SUPREME COURT OF THE STATE OF NEW YORK APPELLATE DIVISION SECOND JUDICIAL DEPARTMENT
February 10, 2009
STEVE ELLIOT, LLC, RESPONDENT,
MICHAEL TEPLITSKY, ET AL., APPELLANTS.
In an action to recover a real estate brokerage commission, the defendants appeal from an order of the Supreme Court, Kings County (Knipel, J.), dated February 25, 2008, which denied their motion to dismiss the complaint pursuant to CPLR 3211(a)(7).
Published by New York State Law Reporting Bureau pursuant to Judiciary Law § 431.
This opinion is uncorrected and subject to revision before publication in the Official Reports.
WILLIAM F. MASTRO, J.P., ANITA R. FLORIO, RUTH C. BALKIN & RANDALL T. ENG, JJ.
(Index No. 31891/07)
DECISION & ORDER
ORDERED that the order is affirmed, with costs.
Where evidentiary material is submitted and considered on a motion to dismiss a complaint pursuant to CPLR 3211(a)(7), the court must determine whether the plaintiff has a cause of action, not whether the plaintiff has stated one (see Guggenehimer v Ginzburg, 43 NY2d 268, 275; Fishberger v Voss, 51 AD3d 627, 628; Peter F. Gaito Architecture, LLC v Simone Dev. Corp., 46 AD3d 530). "Unless it has been shown that a material fact as claimed by the [plaintiff] to be one is not a fact at all and unless it can be said that no significant dispute exists regarding it . . . dismissal should not eventuate" (Guggenehimer v Ginzburg, 43 NY2d 268, 274-275).
Applying this standard here, the Supreme Court properly denied the defendants' motion to dismiss the complaint. As a general rule, a broker earns a commission where he or she has produced a buyer who is ready, willing, and able to purchase the property upon terms that are acceptable to the seller (see Feinberg Bros. Agency v Berted Realty Co., 70 NY2d 828, 830; Eastern Consol. Props. v Lucas, 285 AD2d 421, 422). However, parties to a brokerage agreement are free to add whatever conditions they wish to their agreement, including a condition that closing of title occur before the broker is deemed to have earned a commission (see Srour v Dwelling Quest Corp., 5 NY3d 874, 875; Feinberg Bros. Agency v Berted Realty Co., 70 NY2d at 830). Contrary to the defendants' contention, the subject brokerage agreement does not unambiguously provide that the closing of title must take place before the broker is deemed to have earned a commission (see Feinberg Bros. Agency v Berted Realty Co., 70 NY2d at 831; Sopher v Martin, 243 AD2d 459, 461; Greiner-Maltz Co. v Kalex Chem. Prods., 142 AD2d 552). Accordingly, it cannot be said that the defendants refuted the material facts alleged in the complaint by conclusively demonstrating that the plaintiff's right to a commission was contingent upon the closing of title. Furthermore, there is a significant factual dispute as to whether the parties intended the commission be earned only upon closing, or instead intended that it be earned upon the procurement of a ready, willing and able buyer, with the payment of the commission deferred until closing (see Greiner-Maltz Co. v Kalex Chem. Prods., 142 AD2d 552).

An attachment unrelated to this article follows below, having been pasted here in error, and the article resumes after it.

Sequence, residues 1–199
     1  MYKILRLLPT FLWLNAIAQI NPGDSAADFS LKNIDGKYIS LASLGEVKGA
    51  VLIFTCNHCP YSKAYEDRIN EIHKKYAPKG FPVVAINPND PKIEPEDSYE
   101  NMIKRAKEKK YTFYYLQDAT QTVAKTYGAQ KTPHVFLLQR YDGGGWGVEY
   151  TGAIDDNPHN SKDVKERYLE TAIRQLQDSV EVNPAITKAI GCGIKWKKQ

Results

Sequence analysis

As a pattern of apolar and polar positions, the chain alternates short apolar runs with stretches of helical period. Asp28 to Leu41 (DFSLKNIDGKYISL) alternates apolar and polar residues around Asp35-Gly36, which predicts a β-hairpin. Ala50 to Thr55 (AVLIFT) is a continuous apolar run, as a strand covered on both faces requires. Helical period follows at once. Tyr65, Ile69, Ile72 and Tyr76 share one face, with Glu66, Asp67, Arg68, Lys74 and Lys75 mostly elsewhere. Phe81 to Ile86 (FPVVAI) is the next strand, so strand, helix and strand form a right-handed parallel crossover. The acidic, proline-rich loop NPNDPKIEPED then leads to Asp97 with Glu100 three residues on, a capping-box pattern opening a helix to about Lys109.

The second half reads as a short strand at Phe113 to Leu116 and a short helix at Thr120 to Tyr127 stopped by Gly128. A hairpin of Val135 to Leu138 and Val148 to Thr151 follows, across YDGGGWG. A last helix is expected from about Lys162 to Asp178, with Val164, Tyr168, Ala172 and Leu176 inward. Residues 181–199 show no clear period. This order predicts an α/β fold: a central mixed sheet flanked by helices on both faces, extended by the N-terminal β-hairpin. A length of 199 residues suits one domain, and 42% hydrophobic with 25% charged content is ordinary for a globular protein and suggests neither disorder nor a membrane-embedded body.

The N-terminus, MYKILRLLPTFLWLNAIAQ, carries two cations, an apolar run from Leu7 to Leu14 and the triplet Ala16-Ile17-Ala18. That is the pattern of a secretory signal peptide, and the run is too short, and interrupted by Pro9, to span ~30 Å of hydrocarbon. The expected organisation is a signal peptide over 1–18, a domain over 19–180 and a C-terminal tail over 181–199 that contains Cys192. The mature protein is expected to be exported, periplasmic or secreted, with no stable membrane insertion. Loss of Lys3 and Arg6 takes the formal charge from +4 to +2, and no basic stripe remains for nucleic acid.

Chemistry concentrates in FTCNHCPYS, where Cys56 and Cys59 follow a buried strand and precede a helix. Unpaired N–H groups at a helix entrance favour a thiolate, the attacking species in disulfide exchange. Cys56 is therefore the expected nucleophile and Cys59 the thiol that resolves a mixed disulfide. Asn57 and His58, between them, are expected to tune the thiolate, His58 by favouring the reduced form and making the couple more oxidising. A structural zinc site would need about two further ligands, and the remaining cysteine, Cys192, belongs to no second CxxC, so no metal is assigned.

MASTRO, J.P., FLORIO, BALKIN and ENG, JJ., concur.
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